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Poem by Helen Hunt Jackson


Best


Mother, I see you with your nursery light,
Leading your babies, all in white,
To their sweet rest;
Christ, the Good Shepherd, carries mine tonight,
And that is best.

I cannot help tears when I see them twine
Their fingers in yours, and their bright curls shine
On your warm breast.
But the Saviour's is purer than yours or mine.
He can love best.

You tremble each hour because your arms
Are weak; your heart is wrung with alarms
And sore opprest:
My darlings are safe, out of reach of harm
And that is best.

You know over yours may hang even now
Pain and disease, whose fulfilling slow,
Naught can arrest.
Mine in God's gardens run to and fro,
And that is best.

You know that of yours, your feeblest one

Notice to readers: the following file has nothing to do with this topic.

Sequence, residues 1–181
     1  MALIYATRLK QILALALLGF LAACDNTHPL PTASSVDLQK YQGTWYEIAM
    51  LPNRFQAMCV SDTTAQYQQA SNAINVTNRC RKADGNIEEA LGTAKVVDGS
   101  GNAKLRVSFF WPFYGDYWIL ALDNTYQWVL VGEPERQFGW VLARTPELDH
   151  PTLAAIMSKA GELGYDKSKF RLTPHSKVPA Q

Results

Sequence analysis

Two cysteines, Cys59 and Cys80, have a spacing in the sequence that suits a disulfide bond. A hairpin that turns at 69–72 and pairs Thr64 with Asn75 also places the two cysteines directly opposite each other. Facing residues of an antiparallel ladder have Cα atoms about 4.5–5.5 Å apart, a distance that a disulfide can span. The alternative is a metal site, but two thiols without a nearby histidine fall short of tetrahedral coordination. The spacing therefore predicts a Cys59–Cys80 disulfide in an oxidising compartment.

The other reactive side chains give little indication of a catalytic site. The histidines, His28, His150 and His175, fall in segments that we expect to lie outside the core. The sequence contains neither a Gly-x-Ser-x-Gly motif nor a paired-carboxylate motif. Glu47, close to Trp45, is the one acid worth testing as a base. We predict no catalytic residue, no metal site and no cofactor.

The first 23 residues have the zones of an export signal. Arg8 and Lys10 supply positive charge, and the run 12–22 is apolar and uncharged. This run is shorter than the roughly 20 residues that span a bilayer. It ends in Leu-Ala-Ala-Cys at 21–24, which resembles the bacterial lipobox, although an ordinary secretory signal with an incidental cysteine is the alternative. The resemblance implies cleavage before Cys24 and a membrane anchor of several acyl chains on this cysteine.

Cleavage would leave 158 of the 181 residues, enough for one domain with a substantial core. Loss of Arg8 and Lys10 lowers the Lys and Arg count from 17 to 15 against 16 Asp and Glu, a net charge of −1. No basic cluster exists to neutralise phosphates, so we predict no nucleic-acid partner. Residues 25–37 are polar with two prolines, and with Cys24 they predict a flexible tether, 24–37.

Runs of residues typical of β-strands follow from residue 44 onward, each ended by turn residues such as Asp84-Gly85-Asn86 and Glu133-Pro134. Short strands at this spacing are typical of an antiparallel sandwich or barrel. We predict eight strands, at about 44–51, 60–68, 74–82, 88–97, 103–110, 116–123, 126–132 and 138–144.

And dearest, may live long years alone,
Unloved, unblest.
Mine entered spotless on eternal years,
Oh, how much the best.

But grief is selfish; I cannot see
Always why I should stricken be,
More than the rest:
But I know that, as well as for them, for me
God did the best.



Helen Hunt Jackson


Helen Hunt Jackson's other poems:
  1. The End of Harvest
  2. Poppies on the Wheat
  3. Songs of Battle
  4. Morn
  5. A Calendar of Sonnets. June


Poems of the other poets with the same name:

  • Ella Wilcox Best ("In the gruesome night and the wintry weather")

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